Kevin Bozeat had that fact in mind when he fell ill while living in Taiwan and needed to go to the hospital. He didn't have insurance and he had no idea how much it was going to cost him. He shared the experience in a now-viral Facebook post he called "The Horrors of Socialized Medicine: A first hand experience."

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Pop Culture

Monica Lewinsky reclaims the office power suit in new voting campaign

The activist teamed with apparel brand Reformation to combat voter frustration in a fabulous way.

Lewinsky partnered with Reformation for their "You've Got The Power" voting campaign

Monica Lewinsky knows a thing or two about reinvention.

The former White House intern became the source of media obsession after her affair with former President Bill Clinton become public. It solidified her place in history against her will, but through her actions since, Lewinsky has transformed her public persona into a feminist icon and champion of a powerful anti-bullying campaign.

Now, the 50-year-old Lewinsky is lending her household name to sustainable fashion brand Reformation and Vote.org in hopes to encourage people to vote this year.
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Pop Culture

Don't worry, Wendy's isn't raising prices during the busiest times. But changes are coming.

People were very upset after hearing that surge pricing may come to the local drive-thru.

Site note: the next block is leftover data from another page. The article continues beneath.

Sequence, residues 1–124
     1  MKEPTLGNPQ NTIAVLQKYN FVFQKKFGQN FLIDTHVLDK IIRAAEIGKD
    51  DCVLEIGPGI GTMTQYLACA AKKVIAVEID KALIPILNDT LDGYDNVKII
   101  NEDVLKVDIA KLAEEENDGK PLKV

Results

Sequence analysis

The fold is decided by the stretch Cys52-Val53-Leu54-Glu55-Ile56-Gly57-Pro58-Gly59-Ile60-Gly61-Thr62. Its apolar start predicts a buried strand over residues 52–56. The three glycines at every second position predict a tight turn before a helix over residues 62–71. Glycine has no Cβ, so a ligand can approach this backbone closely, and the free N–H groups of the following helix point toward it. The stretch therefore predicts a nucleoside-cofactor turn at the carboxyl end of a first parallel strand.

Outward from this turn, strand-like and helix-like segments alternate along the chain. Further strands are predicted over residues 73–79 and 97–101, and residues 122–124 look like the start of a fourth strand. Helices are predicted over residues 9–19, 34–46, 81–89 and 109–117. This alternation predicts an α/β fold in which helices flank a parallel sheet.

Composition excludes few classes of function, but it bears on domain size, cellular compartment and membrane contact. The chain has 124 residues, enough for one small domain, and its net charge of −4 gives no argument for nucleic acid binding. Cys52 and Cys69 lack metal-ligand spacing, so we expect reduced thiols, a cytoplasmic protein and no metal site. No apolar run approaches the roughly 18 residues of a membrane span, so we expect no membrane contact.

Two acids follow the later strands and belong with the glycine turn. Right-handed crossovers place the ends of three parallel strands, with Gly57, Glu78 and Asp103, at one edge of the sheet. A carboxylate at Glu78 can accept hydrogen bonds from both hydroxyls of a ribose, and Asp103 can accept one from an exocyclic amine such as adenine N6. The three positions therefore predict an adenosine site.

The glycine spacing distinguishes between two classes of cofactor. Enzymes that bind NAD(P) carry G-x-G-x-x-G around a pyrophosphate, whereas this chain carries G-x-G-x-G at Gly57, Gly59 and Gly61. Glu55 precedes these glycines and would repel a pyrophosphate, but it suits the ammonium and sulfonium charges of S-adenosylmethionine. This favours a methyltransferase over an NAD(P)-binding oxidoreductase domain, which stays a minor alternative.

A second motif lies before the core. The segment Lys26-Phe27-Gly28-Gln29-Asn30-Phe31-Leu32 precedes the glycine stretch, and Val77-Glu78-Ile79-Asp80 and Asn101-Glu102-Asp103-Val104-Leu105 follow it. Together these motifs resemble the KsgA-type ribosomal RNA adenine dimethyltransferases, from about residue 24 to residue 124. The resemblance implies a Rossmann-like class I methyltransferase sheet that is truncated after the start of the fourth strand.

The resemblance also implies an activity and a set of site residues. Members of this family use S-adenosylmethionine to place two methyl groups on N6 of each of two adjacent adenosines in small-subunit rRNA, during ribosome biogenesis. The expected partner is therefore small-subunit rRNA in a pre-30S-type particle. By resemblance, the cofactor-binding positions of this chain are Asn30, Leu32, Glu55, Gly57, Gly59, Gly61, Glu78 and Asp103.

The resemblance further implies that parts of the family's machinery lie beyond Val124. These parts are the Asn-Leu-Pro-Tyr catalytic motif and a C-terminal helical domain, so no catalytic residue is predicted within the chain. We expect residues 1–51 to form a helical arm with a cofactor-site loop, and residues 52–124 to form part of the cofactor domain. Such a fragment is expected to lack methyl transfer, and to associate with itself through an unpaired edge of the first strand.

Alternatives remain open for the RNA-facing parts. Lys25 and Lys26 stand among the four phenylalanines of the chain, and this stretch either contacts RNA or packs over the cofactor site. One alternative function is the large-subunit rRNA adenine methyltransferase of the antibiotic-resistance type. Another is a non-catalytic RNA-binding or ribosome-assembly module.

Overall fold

A combo meal from Wendy's.

In a world where prices are continuously increasing, prominent companies are turning to surge pricing to raise prices even further during peak demand times. Uber charges people more for a ride when demand is high. Hotels have been changing prices based on demand for years and Amazon uses AI to keep prices constantly in flux.

Recently, Ticketmaster, known for charging high fees, has been charging customers even more for tickets as demand rises.

On Monday, February 26, news reports began circulating that Wendy’s, America's 5th most popular fast-food chain, would implement dynamic pricing at its restaurants. Many assumed that meant a Dave’s Double burger would cost an extra $3 during dinner time or medium fries would cost an extra buck during the lunch rush.

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Pop Culture

What is in its 'golden age' but not enough people know about it?

There's so much good out there if you know where to look.

Canva

From astronomy to knitting, some fields of human endeavor are having a heyday.

When you peruse the news headlines or dive into discussions on current events on social media, it's pretty easy to feel despondent. Doom and gloom sells, unfortunately, and our natural negativity bias that's meant to protect us can be overworked by a 24/7 bombardment of humanity's challenges.

There is an anecdote to all of that, though: Curating and cultivating the good. Sometimes it's just knowing where to look to find examples of problems being solved, discoveries being made, innovation taking huge leaps and other evidence that humans are moving our collective life forward in incredible ways.

Someone on Reddit asked, "What is currently in its 'Golden age,' but not enough people know about it?" and thousands of people responded. Reading through the answers is an enlightening and uplifting glimpse of things we might not personally be involved with but are happy to see having a heyday. Like, who wouldn't like to know that we're in a golden age of astronomy and paleontology. Space and dinosaurs? It's like realizing our 5-year-old selves' ideal future.